Hillary Clinton released her 2015 personal tax return on Friday, further pressuring Republican opponent Donald Trump, who has spurned a decades-old tradition by refusing to release any of his returns.
Mrs. Clinton and her husband, former President Bill Clinton, paid an effective federal tax rate of 34% in 2015 on $ 10.6 million in adjusted gross income. Their income was down sharply from $ 28 million in 2014, when they paid an effective tax rate of more than 35%.
The latest return, 40 pages long, showed the Clintons donated nearly 10% of their adjusted gross income to charity.
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Mrs. Clinton’s running mate, Sen. Tim Kaine (D., Va.), and his wife, Anne Holton, released 10 years of his returns on Friday. They paid an effective rate of 20% last year on $ 313,000 in income. Their rate ranged from as low as 13% in 2009, Mr. Kaine’s last full year as governor of Virginia, to 24% in 2011. They donated 7.5% of their adjusted gross income to charity over the last 10 years.
Democrats have hammered Mr. Trump over his refusal to release his returns. He has said he won’t do so until an audit has been completed, and he could become the first major-party presidential candidate since 1976 to release no returns.
“He refuses to do what every other presidential candidate in decades has done and release his tax returns,” Mrs. Clinton said Thursday.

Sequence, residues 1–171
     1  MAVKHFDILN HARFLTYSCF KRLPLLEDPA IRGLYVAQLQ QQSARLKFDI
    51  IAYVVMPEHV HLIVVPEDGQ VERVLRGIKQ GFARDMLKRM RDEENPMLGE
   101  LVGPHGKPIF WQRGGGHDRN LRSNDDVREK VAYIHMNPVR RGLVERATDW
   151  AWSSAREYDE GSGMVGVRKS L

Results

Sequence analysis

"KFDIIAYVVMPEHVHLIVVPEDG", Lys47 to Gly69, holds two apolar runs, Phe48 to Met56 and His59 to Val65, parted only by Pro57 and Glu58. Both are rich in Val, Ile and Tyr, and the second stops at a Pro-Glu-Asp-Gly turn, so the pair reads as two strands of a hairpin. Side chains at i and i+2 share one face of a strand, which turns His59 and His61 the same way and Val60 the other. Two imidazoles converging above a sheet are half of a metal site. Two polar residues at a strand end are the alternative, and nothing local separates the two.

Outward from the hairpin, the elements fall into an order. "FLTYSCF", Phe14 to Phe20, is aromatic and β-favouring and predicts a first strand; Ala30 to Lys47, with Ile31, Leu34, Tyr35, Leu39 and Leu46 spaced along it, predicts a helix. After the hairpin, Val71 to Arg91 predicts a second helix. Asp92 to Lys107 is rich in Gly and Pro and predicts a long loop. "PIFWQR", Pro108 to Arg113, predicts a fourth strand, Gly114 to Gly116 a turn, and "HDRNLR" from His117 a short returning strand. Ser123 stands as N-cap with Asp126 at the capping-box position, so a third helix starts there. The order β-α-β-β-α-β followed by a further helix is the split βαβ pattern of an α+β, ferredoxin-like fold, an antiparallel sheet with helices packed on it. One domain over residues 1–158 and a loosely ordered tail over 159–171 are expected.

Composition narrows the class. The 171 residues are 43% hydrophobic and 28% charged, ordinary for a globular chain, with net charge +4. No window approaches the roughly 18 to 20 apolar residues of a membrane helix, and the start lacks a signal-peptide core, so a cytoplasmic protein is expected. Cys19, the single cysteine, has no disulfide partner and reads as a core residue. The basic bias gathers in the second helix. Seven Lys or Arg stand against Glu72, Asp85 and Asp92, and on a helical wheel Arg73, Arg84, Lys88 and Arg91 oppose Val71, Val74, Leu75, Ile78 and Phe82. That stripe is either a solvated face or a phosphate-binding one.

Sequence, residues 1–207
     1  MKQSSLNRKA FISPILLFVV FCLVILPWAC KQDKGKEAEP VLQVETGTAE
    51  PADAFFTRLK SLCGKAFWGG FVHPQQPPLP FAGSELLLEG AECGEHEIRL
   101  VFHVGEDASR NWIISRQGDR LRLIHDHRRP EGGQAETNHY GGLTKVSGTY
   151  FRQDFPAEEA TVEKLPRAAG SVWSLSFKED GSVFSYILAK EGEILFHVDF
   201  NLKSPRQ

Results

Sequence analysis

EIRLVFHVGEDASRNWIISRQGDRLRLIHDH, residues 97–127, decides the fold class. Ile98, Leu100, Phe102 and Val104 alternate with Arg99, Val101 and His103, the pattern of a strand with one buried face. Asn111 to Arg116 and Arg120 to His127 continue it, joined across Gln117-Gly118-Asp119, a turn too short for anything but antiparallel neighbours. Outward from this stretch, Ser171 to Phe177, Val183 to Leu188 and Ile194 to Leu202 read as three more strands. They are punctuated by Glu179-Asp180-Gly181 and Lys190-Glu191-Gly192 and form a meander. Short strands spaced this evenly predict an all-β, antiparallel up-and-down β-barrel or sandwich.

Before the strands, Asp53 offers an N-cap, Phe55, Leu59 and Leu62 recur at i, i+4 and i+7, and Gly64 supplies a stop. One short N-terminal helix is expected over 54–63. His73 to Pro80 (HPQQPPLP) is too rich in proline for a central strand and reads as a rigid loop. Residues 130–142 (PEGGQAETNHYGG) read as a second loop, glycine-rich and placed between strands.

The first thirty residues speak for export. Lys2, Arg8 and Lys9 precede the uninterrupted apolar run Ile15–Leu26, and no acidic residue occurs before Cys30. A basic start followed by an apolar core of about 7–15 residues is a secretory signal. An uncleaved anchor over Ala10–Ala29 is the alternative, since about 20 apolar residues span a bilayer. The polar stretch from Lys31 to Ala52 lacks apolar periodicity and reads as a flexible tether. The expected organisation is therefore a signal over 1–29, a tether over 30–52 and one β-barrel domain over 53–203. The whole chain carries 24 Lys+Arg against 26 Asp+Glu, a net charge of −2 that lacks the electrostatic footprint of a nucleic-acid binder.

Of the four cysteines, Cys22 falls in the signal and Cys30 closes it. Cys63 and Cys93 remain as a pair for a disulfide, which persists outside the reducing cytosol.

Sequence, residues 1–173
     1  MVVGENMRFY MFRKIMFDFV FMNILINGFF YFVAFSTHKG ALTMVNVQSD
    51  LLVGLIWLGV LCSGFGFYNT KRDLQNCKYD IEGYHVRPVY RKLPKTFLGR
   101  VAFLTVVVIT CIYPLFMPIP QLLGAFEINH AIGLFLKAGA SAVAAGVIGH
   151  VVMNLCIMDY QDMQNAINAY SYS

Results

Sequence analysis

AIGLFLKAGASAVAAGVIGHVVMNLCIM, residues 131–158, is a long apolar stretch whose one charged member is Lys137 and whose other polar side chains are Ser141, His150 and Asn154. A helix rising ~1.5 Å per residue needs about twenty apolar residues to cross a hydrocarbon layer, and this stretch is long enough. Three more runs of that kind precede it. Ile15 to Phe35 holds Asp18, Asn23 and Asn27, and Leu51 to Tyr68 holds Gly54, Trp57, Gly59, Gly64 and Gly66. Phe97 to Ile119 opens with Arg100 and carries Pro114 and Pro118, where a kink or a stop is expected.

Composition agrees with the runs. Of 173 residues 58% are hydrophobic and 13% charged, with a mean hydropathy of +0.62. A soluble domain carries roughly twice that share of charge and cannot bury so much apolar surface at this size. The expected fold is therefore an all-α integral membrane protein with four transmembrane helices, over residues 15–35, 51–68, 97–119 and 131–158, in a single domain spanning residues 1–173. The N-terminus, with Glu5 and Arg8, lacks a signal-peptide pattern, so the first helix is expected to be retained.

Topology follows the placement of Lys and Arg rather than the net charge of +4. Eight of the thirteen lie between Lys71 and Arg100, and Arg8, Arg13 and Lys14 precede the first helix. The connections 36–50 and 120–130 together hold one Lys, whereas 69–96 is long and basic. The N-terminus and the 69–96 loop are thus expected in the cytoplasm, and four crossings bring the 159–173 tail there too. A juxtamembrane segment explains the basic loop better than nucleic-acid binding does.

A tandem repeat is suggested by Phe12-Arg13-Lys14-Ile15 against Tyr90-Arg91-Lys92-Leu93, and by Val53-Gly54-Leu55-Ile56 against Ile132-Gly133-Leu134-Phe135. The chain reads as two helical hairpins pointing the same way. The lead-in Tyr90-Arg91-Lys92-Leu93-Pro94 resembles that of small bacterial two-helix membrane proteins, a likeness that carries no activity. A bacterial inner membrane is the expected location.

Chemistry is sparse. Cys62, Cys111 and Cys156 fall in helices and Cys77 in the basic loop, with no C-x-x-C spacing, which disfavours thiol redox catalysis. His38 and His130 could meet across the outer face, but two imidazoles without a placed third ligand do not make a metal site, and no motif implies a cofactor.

No law stops Mr. Trump from releasing returns during an audit, but tax lawyers say public scrutiny of the returns could give the Internal Revenue Service new leads.
Mrs. Clinton had previously posted online her returns back to 2007. She and her husband have released returns dating to 1977.
Democrats—and some Republicans—have suggested a range of reasons why Mr. Trump hasn’t released the records: that he isn’t as rich as he suggests, which could undercut a central argument of his candidacy; that he pays very little in federal taxes; and that he doesn’t give much money to charity.
The Clinton campaign released a video Friday highlighting Republicans making some of those points—including an old video of Mr. Trump arguing that presidential candidates need to release their returns.
The tax disclosure also highlights some uncomfortable points for Mrs. Clinton, including many high-price speeches she has given since leaving the State Department in 2013. For example, Mrs. Clinton collected $ 1.5 million for six speeches, including three delivered in Canada, in 2015 before she officially launched her campaign.
Write to Nick Timiraos at [email protected]